“And thou shalt love the LORD thy God with all thine heart, and with all thy soul, and with all thy might.”
The heart is an amazingly complex organ consisting of muscle tissue. And what do muscles do? They contract when stimulated by electric pulses. Though the human heart will beat 2-3 billion times in a person’s lifetime, heart disease is one of the most common causes of death. That’s why researchers have been looking for a way to produce artificial heart tissue. Have they finally succeeded?
Lei Yang and his team of researchers at the University of Pittsburgh reported that they were able to transform human skin into lab-grown “heart muscle cells” that contracted spontaneously in a dish.
To accomplish this extraordinary feat, the researchers first changed skin cells into stem cells and then treated them with growth factors. Then they added the cells to the structural shell of a mouse heart that had been stripped of its own cells. The human cells transformed the shell into tissue that pulsed at 40 to 50 beats per minute.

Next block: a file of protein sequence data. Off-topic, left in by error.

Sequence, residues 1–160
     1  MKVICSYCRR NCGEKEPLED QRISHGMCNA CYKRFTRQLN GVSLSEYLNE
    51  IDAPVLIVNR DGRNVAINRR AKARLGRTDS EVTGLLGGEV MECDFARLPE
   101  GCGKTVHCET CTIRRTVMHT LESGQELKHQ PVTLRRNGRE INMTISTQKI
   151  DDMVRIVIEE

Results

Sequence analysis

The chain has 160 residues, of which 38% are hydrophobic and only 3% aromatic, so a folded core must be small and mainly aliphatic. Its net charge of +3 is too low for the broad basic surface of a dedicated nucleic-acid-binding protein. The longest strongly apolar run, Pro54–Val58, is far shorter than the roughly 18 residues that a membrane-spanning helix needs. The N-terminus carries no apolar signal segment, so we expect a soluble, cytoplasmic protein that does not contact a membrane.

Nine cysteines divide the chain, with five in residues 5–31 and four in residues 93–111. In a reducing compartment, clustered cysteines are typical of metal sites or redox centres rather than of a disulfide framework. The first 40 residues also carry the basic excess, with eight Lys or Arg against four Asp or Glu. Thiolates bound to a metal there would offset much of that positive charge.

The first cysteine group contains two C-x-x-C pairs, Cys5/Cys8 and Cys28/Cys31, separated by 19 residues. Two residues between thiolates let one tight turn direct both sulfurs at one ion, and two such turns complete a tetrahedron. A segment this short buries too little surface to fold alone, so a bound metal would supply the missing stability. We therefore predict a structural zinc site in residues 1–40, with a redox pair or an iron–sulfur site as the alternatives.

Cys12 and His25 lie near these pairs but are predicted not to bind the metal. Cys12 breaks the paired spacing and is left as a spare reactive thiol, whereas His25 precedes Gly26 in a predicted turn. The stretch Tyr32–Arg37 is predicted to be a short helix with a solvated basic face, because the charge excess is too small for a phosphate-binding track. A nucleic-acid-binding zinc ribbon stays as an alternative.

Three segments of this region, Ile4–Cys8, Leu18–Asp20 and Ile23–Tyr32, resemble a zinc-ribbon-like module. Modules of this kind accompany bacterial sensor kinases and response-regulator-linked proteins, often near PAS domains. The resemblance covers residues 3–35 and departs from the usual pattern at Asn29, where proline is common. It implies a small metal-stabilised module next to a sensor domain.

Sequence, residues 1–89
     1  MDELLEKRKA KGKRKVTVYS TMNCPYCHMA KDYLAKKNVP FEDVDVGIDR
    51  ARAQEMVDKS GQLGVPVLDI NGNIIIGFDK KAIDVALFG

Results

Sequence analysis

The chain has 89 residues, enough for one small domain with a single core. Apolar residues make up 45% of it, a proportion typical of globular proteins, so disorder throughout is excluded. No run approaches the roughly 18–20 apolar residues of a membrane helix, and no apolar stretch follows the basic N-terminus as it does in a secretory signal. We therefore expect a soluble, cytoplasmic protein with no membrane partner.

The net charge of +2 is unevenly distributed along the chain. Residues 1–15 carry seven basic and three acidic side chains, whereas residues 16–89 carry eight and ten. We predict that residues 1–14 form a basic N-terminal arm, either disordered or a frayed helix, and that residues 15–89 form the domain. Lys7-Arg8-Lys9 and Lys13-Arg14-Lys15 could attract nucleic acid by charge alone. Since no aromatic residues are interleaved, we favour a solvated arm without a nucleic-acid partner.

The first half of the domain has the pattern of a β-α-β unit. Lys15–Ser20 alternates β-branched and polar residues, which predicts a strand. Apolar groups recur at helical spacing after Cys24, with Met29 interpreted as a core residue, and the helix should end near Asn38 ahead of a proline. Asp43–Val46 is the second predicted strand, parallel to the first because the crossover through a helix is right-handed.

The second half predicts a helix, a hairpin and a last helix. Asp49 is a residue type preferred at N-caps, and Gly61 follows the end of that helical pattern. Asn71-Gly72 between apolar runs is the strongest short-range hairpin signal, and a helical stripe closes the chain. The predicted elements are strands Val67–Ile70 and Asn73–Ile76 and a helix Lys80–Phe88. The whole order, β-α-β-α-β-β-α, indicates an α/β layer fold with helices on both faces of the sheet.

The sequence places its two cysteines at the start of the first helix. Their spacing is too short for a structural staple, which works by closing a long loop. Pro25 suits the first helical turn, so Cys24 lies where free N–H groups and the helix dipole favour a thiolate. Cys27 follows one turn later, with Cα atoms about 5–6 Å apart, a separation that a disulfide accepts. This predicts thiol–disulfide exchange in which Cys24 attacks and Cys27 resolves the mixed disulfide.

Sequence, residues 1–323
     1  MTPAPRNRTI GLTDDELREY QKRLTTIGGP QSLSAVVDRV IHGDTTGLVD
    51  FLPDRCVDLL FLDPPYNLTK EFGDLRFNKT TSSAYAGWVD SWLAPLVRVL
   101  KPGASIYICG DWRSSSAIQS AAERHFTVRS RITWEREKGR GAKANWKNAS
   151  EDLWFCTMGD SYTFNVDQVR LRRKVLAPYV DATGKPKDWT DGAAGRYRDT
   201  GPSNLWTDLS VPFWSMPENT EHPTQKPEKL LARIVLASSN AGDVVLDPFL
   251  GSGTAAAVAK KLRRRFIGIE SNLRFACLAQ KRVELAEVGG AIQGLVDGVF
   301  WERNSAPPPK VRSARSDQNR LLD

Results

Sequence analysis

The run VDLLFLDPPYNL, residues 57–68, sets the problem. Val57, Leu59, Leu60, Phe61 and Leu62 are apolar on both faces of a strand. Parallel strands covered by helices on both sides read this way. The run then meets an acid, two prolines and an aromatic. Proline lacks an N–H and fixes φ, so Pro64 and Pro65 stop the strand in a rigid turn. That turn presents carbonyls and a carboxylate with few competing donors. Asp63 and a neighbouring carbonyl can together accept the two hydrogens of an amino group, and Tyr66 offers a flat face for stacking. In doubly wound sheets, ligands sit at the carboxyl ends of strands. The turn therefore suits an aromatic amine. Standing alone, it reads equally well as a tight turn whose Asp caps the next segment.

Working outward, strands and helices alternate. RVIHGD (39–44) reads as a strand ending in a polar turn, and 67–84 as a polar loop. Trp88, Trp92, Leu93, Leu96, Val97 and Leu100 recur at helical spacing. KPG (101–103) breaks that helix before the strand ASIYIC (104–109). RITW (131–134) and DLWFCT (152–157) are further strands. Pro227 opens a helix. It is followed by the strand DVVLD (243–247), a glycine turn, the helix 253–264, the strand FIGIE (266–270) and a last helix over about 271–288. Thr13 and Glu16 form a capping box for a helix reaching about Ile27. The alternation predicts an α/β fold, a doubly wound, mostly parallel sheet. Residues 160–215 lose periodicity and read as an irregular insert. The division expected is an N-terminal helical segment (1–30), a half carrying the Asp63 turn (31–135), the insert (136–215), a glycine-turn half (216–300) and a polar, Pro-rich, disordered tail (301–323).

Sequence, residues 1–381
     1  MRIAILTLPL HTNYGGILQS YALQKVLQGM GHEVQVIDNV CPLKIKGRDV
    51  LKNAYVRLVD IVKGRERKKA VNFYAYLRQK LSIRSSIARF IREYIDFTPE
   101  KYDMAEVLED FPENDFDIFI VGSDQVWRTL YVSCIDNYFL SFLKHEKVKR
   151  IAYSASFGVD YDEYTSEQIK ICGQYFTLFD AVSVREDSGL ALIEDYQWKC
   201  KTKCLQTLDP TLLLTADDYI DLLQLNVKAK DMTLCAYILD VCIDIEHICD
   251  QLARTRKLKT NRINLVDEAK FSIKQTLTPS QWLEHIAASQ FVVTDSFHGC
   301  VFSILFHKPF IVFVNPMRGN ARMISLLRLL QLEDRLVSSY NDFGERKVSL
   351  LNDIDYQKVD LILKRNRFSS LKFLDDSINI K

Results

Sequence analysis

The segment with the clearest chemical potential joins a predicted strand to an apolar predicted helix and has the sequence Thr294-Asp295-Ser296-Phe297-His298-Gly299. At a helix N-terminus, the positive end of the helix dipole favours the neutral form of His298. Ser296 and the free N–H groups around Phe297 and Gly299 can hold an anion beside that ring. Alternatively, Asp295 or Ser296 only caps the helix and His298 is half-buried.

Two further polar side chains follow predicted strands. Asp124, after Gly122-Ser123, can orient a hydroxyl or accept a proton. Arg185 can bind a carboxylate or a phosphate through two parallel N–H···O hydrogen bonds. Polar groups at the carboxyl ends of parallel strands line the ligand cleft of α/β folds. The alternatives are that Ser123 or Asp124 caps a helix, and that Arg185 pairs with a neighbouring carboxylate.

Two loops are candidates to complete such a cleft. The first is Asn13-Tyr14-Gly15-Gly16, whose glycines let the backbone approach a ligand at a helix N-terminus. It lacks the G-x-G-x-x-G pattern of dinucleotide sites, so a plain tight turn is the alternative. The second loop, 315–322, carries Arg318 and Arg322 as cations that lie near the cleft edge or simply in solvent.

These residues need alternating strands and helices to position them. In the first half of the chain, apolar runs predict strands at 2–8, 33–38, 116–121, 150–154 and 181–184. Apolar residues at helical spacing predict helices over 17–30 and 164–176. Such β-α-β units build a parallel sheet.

Evolutionists, no doubt, will look at this achievement as making headway in man’s quest to create artificial life. But let us remind them that the cells were produced using already-existing skin cells and growth factors. Besides, the “heart cells” were not a product of purposeless chance or mutations but the result of considerable effort by an intelligent team of scientists … a reminder that life itself is the work of an intelligent, purposeful and all-wise Creator.
Prayer: Father, I thank you for my heart that sustains my life by beating regularly for so many years. I praise You most of all for turning my heart of stone into a heart that loves You, both now and long after my physical heart has stopped beating. In Jesus’ Name. Amen.
Author: Steven J. Schwartz
Ref: Science News, Web Edition 8/15/13. J. Shugart, “Lab-grown heart has rhythm.” Nature Communications 4, Article #2307. “Repopulation of decellularized mouse heart with human induced pluripotent stem cell-derived cardiovascular progenitor cells.” 8/13/13. Photo: The University of Pittsburgh is also where Jonas Salk developed the first polio vaccine.
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